3 people like this
Posted by Jo Ann
a resident of Embarcadero Oaks/Leland
on Dec 9, 2014 at 9:25 pm

Of course they consciously decided drop-off boxes wouldn't work even though they work just fine at the other library branches. Even the temporary Main has a 5-minute curve with parking next to the drop-off box. But the designers and planners would have to get out of their office to have a clue, something they seem to rarely do as rarely as responding to emails or calls.

Instead, they REMOVE useful features like the drop-off bikes and curb cuts for bikes that would show some awareness of what's worked in the past and some thoughtfulness and consideration, traits that have been sorely lacking during this whole boondoggle.
ries.

But hey, let's give the planners and lawyers more bonuses for being 2.5 years late and $25,000,000 over budget, not counting legal fees. It's the Palo Alto Way.


Like this comment
Posted by Well done!
a resident of Another Palo Alto neighborhood
on Dec 10, 2014 at 4:49 pm

Well done! The library is beautiful. My kids love it. I love it. My husband loves it. A two mile bike ride to get there takes about 15-17 minutes at an easy pace. I think we may need more bike parking there.

The grand opening was great. Staff knocked it out of the park with this event. There was something for everyone. Despite some of the grumpiness on this page, I spoke with many, many people at the event who just gushed about how much they love the new facility.


Like this comment
Posted by musical
a resident of Palo Verde
on Dec 10, 2014 at 6:11 pm

@Well done -- totally agree on the grand opening festivities. Looked like a thousand people to me. And I had more than my share of chocolate chip cookies.


4 people like this
Posted by dtakes
a resident of Palo Verde
on Dec 15, 2014 at 12:59 pm

How nice to have the Mitchell Park library finally open! I'm a huge library user and love having one in nearby South Palo Alto.

I think the architecture leaves a lot to be desired. (How will it look to us, say, in 20 years? Still, it's not as ugly as the JCC painted cement box). But, never mind -- it's great to have a modern, new library, and I do love the whimsical owls.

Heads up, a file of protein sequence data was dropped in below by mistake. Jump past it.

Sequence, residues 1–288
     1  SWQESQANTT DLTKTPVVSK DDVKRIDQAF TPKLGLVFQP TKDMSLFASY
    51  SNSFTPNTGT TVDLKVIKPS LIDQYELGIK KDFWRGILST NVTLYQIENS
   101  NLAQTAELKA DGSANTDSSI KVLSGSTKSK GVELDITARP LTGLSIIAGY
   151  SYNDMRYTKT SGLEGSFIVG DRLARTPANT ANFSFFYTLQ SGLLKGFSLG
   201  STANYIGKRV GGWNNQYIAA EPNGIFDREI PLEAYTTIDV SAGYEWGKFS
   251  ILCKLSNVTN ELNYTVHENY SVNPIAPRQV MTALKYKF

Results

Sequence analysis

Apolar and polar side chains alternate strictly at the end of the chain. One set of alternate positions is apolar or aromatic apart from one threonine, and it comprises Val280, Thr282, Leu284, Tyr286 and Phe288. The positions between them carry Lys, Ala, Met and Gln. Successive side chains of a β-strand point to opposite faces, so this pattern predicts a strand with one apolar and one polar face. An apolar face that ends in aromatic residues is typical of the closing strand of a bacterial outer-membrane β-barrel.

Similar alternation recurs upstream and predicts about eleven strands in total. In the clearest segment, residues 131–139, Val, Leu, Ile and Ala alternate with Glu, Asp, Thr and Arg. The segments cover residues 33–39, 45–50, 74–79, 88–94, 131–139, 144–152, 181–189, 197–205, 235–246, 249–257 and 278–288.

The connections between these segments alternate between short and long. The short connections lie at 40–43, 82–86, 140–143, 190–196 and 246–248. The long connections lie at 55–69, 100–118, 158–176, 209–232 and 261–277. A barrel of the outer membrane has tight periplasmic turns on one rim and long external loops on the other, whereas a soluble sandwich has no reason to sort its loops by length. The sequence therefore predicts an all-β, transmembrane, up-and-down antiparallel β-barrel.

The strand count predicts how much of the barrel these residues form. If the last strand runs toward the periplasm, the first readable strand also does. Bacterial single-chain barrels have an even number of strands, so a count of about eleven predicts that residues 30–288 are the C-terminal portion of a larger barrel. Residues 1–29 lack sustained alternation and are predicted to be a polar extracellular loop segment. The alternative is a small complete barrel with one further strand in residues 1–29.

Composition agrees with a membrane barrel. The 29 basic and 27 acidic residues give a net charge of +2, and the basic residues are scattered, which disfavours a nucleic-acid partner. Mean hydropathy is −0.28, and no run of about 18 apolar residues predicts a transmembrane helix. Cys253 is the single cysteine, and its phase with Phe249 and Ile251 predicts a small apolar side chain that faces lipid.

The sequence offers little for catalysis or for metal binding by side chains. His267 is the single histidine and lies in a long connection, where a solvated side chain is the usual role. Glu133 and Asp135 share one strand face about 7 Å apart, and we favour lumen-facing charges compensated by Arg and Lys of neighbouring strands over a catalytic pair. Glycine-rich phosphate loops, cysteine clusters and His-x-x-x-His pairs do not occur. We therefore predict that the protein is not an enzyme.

Unfortunately, the parking lot is a grim joke. The flow doesn't work, it lacks a drive-by book drop off, and there are too few spaces. Instead of allocating all those spaces for electric cars and carpools (I've only seen one space in use all the times I've been there), why not allocate them for 3-5 min book drop off and pick-up? Enough with the social engineering, Palo Alto, time to GET REAL!

Also, who in the planning had so little foresight not to anticipate that kids would use the drive in front as a shortcut to their schools? At 3:00, the lot is hazardous for everyone -- bikers, walkers, and drivers alike.


3 people like this
Posted by Frequent borrower
a resident of Palo Verde
on Dec 15, 2014 at 4:03 pm

The only person I've seen use one of several parking spaces reserved for electric vehicles, plugged in and headed to the tennis courts.

Many who use the on-line reservation system are often there (while running other errands) for five minutes to pick up holds or return books. Converting a few spots to 5 minute parking seems reasonable. Biking is nice, but not practical for a weekday when you have kids and a job.


Like this comment
Posted by Well.
a resident of Midtown
on Dec 15, 2014 at 9:33 pm

Well, as a step from traditional libraries to an unknown future, acknowledging that kids and seniors need a place to be, it's a reasonable effort. A nice campus.

It does irk me that the library subsidizes the rich, who can afford new electric cars and don't need to be subsidized, from the taxes of all us.


Sorry, but further commenting on this topic has been closed.